The net removal effort, started by Sea Shepherd’s Operation Milagro in collaboration with the Mexican Navy in 2015, is building to become the biggest yet in the totoaba season currently under way. The initial Sea Shepherd/Navy effort focused on observing pangas illegally setting nets at night and on removing those nets. The effort was expanded in 2016 to systematically remove both active and inactive nets throughout the vaquita’s primary distribution. This expansion in effort has been led by the Department of the Environment (SEMARNAT) together with Sea Shepherd, the Mexican Navy and Army, PEMEX, WWF-Mexico, Museo de la Ballena, Parley, World Animal Protection, and the fishermen’s organizations PESCA ABC and Cooperativa Islas del Golfo. The Mexican Fisheries Department CONAPESCA recently started supporting the program as well.
From December, 2016, through February, 2018, SSCS has retrieved 394 nets, over 270 of which have been active totoaba nets. A total of 61 totoaba nets were retrieved in February 2018. This takes the total number of active nets removed by Sea Shepherd thus far in 2018 to 96. Over 50 tons of net were donated to Parley for recycling (further details can be found in the CIRVA 10 Report).With fewer than 30 vaquitas remaining and the idea of rescuing some by capturing them and placing them in human care not considered viable, conservation action is now focussed on enforcement and net removal. The current net removal effort during the totoaba spawning season will last until May. Because this effort is critical to saving the vaquita, progress will be updated on this website monthly.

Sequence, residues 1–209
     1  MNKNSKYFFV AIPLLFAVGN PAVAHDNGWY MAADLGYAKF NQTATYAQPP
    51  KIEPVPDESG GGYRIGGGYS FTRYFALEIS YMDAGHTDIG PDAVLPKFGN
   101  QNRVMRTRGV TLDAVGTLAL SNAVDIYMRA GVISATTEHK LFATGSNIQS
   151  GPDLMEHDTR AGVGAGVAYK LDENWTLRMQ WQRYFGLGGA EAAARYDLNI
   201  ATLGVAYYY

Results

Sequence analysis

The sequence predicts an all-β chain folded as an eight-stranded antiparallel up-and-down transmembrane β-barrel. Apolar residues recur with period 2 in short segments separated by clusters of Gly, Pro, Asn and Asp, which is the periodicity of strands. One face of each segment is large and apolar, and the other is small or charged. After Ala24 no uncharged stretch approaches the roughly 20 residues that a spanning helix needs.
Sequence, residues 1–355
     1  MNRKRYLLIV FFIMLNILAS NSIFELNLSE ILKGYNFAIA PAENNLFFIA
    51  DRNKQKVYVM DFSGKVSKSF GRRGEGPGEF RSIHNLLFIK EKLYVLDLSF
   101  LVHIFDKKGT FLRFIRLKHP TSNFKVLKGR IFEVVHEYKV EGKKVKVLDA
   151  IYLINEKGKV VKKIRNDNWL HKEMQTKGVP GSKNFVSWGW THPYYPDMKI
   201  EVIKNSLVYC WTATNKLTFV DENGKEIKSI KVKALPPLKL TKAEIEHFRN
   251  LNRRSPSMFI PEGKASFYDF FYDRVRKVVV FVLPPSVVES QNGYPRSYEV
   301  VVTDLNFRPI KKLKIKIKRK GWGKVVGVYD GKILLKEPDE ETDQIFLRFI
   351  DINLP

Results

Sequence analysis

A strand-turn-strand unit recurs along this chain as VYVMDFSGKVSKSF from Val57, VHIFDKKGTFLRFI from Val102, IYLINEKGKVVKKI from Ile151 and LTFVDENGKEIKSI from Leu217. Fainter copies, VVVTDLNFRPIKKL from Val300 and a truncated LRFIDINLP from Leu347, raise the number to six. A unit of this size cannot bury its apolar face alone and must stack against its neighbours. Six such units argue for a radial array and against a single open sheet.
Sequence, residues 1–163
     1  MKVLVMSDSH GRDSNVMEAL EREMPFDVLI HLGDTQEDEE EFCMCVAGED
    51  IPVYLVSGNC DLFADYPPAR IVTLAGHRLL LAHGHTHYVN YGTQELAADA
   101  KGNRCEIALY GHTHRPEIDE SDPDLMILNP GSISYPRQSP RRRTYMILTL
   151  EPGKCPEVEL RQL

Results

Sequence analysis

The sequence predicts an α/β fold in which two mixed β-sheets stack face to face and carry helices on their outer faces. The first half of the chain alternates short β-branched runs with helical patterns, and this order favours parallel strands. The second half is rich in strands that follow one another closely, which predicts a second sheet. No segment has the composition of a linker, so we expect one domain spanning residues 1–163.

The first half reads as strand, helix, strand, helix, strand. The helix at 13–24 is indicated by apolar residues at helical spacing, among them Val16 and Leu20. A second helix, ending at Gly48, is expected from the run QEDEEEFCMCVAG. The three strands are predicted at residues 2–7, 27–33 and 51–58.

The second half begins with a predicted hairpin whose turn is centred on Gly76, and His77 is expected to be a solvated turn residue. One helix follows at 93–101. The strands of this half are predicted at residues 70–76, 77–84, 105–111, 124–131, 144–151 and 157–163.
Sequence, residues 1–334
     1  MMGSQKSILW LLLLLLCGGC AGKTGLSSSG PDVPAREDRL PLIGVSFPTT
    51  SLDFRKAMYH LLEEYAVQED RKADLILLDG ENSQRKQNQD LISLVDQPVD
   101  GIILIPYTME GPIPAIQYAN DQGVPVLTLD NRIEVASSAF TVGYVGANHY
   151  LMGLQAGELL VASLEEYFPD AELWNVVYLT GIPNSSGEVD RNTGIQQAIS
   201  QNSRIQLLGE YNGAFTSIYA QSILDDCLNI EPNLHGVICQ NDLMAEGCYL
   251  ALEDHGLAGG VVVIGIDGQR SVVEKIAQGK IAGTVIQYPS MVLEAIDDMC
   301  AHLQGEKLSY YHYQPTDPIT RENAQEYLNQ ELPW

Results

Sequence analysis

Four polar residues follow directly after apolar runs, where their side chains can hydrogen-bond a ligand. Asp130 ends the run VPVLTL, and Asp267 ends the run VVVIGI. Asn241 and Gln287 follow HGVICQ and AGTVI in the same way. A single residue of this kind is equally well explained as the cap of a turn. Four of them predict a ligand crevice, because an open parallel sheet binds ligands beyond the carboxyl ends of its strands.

Despite the enhanced net removal efforts and enforcement focus on areas of overlap between vaquita distribution and illegal fishing, the removal of active totoaba nets is apparently following the pattern of the last two years, which has resulted in the dramatic decline in vaquitas. To give the best idea of the relative risk of entanglement for vaquitas, only efforts by Sea Shepherd in the past 2 years are shown. Even then direct comparison of the numbers of nets removed by Sea Shepherd efforts in February 2017 and 2018 is not a perfect indicator of the risk presented to vaquitas because net removal has become more efficient both due to experience and increased efficiency resulting from the addition of using side-scan sonar to locate nets. However, the data in the table and figure below clearly indicate that illegal fishing persists and follows the earlier pattern of increasing as the totoaba spawning season progresses. So far, there is no indication that enhanced enforcement is being effective.
Source: Siegenthaler, N. 2018. Sea Shepherd Conservation Society Internal Reports